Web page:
WASHINGTON • "Person. Woman. Man. Camera. TV." United States President Donald Trump again sought to showcase his mental fitness on television by reciting, over and over in an interview broadcast on Wednesday, what he said was a sample cognitive testing sequence.
For the better part of a month, Mr Trump, 74, has made repeated appearances on Fox News to brag about acing a cognitive test he said he recently took at Walter Reed National Military Medical Centre, first with talk-show host Sean Hannity and again with news anchor Chris Wallace on Fox News Sunday.
The White House has not disclosed details about when the President underwent the testing or why.
In the most recent interview - a six-minute segment with Dr Marc Siegel, a professor of medicine at New York University and a medical analyst for Fox News - Mr Trump tried to defend his own mental fitness for office by outlining the particulars of the test he said he had taken and by questioning the acuity of former vice-president Joe Biden, 77, the presumptive Democratic presidential nominee.
"It's really something that's been great," Mr Trump said, referring to being the president. "But you need stamina. You need physical health, and you need mental health."
Then Mr Trump seemed to offer differing timelines for when he had taken the test.
First, he said he had asked a physician "a little less than a year ago" if there was a test he could take to prove his mental acuity to the media. It is unclear when that visit occurred: Last month, the White House released a summary of Mr Trump's health but not an annual physical report, and did not explain an unusual, unannounced visit last autumn to Walter Reed.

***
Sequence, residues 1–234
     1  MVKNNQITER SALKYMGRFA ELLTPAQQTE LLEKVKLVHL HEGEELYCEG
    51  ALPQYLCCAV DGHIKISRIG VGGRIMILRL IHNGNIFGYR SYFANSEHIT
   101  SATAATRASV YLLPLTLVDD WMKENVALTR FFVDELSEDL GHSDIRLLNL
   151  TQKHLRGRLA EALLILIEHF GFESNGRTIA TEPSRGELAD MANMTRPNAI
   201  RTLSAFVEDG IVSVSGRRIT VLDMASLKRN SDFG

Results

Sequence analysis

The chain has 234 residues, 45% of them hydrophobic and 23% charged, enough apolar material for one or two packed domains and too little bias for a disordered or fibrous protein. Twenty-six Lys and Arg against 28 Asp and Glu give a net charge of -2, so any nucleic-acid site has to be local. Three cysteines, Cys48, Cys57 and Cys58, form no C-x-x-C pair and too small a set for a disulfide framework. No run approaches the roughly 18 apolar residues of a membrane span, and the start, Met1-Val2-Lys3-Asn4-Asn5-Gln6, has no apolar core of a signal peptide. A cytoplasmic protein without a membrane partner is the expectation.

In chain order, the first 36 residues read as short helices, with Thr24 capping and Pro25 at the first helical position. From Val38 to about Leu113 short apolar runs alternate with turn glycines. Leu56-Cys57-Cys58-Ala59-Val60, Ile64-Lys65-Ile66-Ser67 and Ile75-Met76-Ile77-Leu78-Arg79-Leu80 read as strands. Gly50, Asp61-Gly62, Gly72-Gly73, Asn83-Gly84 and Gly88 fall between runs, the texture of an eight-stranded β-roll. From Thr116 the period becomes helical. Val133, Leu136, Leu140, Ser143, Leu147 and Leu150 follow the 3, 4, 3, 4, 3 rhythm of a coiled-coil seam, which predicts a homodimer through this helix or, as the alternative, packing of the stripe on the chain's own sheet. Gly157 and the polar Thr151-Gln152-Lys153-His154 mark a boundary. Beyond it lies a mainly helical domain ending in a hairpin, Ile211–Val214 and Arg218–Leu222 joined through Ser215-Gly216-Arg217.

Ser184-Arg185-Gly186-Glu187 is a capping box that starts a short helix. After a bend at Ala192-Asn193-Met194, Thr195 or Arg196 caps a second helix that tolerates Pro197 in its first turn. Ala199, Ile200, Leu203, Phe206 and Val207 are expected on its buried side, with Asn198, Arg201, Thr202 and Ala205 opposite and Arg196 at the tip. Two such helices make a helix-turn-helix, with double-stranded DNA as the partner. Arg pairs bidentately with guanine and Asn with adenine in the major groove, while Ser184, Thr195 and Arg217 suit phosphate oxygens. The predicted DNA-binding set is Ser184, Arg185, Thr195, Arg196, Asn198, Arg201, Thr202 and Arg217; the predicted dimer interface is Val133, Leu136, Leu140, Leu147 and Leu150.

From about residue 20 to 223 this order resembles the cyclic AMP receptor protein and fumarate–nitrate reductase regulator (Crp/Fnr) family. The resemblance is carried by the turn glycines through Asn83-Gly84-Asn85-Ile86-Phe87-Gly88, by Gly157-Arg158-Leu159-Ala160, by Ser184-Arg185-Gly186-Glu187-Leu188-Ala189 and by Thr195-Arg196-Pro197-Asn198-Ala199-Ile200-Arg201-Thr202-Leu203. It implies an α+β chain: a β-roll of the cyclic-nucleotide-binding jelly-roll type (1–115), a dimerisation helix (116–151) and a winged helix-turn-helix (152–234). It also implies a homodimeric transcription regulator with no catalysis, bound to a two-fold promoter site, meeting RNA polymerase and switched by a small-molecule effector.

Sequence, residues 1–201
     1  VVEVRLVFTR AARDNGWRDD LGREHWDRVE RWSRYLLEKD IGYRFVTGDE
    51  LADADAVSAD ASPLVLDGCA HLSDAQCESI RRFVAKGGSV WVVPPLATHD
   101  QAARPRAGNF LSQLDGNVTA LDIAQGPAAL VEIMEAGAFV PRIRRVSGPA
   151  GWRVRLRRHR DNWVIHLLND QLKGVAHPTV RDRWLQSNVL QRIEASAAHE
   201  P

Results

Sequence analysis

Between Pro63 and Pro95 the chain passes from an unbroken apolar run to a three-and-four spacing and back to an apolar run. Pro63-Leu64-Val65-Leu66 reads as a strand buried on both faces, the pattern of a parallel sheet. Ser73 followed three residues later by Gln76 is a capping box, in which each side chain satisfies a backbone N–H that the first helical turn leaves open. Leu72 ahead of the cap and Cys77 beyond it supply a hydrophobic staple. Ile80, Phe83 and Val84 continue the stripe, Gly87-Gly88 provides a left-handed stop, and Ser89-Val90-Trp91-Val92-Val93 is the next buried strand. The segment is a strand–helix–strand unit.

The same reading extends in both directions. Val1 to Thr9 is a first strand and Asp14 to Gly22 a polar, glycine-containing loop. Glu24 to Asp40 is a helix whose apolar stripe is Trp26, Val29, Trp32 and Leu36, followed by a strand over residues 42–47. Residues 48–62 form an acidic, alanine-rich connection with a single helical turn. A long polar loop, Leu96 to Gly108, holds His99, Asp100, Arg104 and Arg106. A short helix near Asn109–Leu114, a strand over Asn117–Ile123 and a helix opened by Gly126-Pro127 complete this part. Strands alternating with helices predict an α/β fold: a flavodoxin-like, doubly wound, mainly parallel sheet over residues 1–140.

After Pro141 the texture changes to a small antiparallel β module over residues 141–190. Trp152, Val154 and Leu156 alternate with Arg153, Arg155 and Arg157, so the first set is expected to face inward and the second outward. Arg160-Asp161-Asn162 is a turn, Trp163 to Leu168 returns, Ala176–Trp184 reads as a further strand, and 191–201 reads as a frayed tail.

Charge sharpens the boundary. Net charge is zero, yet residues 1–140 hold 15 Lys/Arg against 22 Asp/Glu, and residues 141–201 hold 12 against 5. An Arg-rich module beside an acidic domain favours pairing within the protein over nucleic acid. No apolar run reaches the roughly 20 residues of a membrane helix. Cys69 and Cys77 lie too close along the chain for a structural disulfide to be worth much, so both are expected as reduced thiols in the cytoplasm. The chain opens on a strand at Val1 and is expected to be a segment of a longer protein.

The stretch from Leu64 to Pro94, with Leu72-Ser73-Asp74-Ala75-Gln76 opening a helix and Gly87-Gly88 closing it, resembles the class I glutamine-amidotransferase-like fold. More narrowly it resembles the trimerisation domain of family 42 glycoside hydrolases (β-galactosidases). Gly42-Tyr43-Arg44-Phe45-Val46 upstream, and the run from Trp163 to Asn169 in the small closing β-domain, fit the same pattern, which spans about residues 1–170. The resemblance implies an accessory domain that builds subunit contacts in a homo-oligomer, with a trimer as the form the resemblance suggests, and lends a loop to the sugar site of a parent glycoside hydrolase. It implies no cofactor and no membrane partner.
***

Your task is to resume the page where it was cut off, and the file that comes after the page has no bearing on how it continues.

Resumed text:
Then, Mr Trump said that he had asked Dr Ronny Jackson, who has not been his physician since 2018, if there was an acuity test he could take.
That year - after the book Fire And Fury described some of Mr Trump's advisers questioning his fitness for office - Dr Jackson said that the President had received a score of 30 out of 30 on the Montreal Cognitive Assessment (Moca).
The Moca test has been criticised by experts as too blunt an instrument that does not rule out declines in reasoning or memory, or difficulties with planning or judgment.
"It was 30 to 35 questions," Mr Trump recalled on Wednesday.
"The first questions are very easy. The last questions are much more difficult. Like a memory question. It's, like, you'll go: Person. Woman. Man. Camera. TV. So they say, 'Could you repeat that?' So I said, 'Yeah. It's: Person. Woman. Man. Camera. TV,'" Mr Trump said.
"Then, 10 minutes, 15, 20 minutes later they say, 'Remember that first question - not the first - but the 10th question? Give us that again. Can you do that again?' And you go: 'Person. Woman. Man. Camera. TV.' If you get it in order, you get extra points."
He added: "It's actually not that easy, but for me, it was easy... They say, 'That's amazing. How did you do that?'
"I do it because I have, like, a good memory, because I'm cognitively there. Now, Joe should take that test, because something's going on."
Prof Siegel did not ask follow-up questions.
In an interview broadcast on Sunday, when told that Mr Biden was chosen in a Fox poll as the more mentally sound candidate, Mr Trump disputed that finding and defended his cognitive test results to Mr Wallace, who said he had taken the same test that the President had boasted about acing.
Mr Wallace said one question had asked to identify an elephant.
"It's all misrepresentation," Mr Trump said. "Because, yes, the first few questions are easy, but I'll bet you couldn't even answer the last five questions. I'll bet you couldn't. They get very hard, the last five questions."